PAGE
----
BProteins

- Imidazole and a-amino groups on proteins have pKs that are within the physiologic pH range.

- Hemoglobin is a major intracellular buffer.

- In the physiologic pH range, deoxyhemoglobin is a better buffer than oxyhemoglobin.

3. Using the Henderson-Hasselbalch equation to calculate pH

where:

pH = -logio [H+] (pH units) pK = -log10 equilibrium constant (pH units) [A"] = base form of buffer (raM) [HA] = acid form of buffer (mM)

- A", the base form of the buffer, is the H+ acceptor.

- HA, the acid form of the buffer, is the H+ donor.

- When the concentrations of A" and HA are equal, the pH of the solution equals the pK of the buffer, as calculated by the Henderson-Hasselbalch equation.

- Example: The pK of the H2P04/HP04-2 buffer pair is 6.8. What are the relative concentrations of H2P04~ and HP04~2 in a urine sample that has a pH of 4.8?

hpo4-2

h2pof h2p04

h2po4-hpo4-2 h2po4-h2po4-

For this buffer pair, HP04~2 is Ar and H2P04~ is HA. Thus, the Henderson-Hasselbalch equation can be used to calculate that the concentration of H2P(Xf is 100 times that of HP04 2 in a urine sample of pH 4.8.

4. Titration curves (Figure 5-17)

- describe how the pH of a buffered solution changes as H+ ions are added to it or removed from it.

- As H+ ions are added to the solution, the HA form is produced; as H+ ions are removed, the A" form is produced.

- A buffer is most effective in the linear portion of the titration curve, where the addition or removal of H+ causes little change in pH.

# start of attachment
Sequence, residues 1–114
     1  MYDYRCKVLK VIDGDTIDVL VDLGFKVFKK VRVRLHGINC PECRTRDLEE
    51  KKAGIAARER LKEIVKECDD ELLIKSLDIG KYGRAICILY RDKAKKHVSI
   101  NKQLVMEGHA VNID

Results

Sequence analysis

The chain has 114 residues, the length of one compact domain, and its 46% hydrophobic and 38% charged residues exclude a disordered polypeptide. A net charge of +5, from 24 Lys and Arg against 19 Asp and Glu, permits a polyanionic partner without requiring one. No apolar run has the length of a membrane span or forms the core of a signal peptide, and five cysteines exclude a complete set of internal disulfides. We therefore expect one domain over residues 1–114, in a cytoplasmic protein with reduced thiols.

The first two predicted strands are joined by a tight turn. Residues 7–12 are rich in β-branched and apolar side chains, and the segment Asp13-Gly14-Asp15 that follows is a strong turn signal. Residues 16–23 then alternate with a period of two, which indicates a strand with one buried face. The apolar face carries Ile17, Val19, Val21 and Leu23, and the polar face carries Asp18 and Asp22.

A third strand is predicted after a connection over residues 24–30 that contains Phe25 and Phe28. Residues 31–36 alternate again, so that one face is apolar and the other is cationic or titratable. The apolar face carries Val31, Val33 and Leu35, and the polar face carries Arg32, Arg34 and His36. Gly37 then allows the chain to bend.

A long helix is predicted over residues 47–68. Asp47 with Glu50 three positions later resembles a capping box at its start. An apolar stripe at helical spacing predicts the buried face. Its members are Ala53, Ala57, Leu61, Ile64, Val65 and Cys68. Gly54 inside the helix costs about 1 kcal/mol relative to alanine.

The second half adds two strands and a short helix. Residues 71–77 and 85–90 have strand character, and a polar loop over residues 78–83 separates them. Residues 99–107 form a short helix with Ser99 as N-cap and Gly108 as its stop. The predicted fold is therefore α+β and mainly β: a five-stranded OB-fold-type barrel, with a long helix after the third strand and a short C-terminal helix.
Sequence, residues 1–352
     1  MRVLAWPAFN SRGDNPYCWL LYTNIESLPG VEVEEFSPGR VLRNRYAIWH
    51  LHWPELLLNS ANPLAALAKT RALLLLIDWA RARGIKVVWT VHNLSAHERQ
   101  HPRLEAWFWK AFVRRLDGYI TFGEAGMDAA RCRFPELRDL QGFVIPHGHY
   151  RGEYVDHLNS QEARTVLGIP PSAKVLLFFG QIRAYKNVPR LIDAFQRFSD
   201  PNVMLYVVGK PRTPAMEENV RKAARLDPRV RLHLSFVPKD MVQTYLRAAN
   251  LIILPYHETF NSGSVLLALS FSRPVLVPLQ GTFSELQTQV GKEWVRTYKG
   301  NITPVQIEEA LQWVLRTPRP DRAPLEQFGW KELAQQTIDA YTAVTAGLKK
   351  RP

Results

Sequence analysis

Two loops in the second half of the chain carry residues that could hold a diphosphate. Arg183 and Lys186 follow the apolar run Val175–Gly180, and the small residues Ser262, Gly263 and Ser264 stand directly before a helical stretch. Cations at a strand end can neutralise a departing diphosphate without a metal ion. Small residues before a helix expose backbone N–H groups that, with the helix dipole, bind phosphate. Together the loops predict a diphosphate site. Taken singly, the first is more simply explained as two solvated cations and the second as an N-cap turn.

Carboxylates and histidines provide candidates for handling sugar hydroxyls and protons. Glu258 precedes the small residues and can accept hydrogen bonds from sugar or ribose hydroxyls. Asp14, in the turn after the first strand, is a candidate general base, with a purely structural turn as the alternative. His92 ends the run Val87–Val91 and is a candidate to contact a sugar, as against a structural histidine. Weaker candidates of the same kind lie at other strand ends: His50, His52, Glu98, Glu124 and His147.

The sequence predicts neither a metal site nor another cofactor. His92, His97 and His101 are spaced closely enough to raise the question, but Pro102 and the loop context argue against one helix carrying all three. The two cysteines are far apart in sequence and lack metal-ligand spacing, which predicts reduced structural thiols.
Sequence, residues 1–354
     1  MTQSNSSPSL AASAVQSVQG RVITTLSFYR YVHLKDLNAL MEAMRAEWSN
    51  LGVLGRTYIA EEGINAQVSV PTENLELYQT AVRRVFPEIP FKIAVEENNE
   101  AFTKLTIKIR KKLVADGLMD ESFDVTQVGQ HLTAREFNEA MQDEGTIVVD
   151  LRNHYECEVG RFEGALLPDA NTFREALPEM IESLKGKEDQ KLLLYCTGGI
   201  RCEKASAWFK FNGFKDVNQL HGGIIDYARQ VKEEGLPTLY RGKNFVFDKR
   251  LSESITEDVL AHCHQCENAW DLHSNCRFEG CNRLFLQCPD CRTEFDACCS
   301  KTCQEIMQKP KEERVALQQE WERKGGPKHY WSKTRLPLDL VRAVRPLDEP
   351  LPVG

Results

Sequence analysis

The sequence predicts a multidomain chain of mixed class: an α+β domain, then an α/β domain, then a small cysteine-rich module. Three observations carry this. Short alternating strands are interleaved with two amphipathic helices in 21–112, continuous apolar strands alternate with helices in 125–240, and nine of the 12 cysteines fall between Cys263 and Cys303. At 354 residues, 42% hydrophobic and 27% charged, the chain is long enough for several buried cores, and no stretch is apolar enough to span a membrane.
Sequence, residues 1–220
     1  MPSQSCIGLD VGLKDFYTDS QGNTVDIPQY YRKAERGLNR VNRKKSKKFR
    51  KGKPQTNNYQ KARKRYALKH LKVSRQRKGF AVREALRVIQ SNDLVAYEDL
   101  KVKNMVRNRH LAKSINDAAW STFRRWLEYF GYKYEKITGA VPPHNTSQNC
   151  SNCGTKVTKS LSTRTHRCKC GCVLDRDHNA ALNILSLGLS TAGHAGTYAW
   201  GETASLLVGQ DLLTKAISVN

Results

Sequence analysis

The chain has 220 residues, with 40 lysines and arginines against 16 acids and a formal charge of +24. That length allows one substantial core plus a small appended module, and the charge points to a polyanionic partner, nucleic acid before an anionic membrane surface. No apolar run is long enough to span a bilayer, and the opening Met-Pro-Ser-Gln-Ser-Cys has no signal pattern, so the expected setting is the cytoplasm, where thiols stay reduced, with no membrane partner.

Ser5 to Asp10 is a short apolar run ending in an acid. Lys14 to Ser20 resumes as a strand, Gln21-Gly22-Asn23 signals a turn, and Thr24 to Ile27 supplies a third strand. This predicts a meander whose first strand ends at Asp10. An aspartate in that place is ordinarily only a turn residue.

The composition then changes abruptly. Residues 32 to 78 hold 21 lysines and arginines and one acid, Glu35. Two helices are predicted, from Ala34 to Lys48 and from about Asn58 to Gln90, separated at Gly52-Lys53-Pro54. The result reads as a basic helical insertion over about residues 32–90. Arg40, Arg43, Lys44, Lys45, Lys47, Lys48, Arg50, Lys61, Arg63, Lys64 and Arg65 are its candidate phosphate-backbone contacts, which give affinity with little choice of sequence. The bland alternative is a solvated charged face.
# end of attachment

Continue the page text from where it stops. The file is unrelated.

- According to the Henderson-Hasselbalch equation, when the pH of the solution equals the pK, the concentrations of HA and A" are equal.

C. Renal acid-base

1. Reabsorption of filtered HC03" (Figure 5-18)

- occurs primarily in the proximal tubule.

a. Key features of reabsorption of filtered HC03~

(1) H+ and HCO:. are produced in the proximal tubule cells from C02 and H20. C02 and H20 combine to form H2C03, catalyzed by intracellular carbonic anhydrase; H2C03 dissociates into H+ and HCO;. . H+ is secreted into the lumen via the Na+-H+ exchange mechanism in the luminal membrane. The HCO;. is reabsorbed.

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Figure 5-17. Titration curve for a weak acid (HA) and its conjugate base (A ).

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Figure 5-17. Titration curve for a weak acid (HA) and its conjugate base (A ).

Lumen

Cell

Blood

Lumen

Cell

(filtered) H2C03

(filtered) H2C03

Filtered HC03 is reabsorbed

H2C03

H2C03

Figure 5-18. Mechanism for reabsorption of filtered HCO, in the proximal tubule. CA = carbonic anhydrase.

(2) In the lumen, the secreted H+ combines with filtered HC03" to form H2C03, which dissociates into C02 and H20, catalyzed by brush border carbonic anhydrase. C02 and H20 diffuse into the cell to start the cycle again.

(3) The process results in net reabsorption of filtered HC03". However, it does not result in net secretion of H+.

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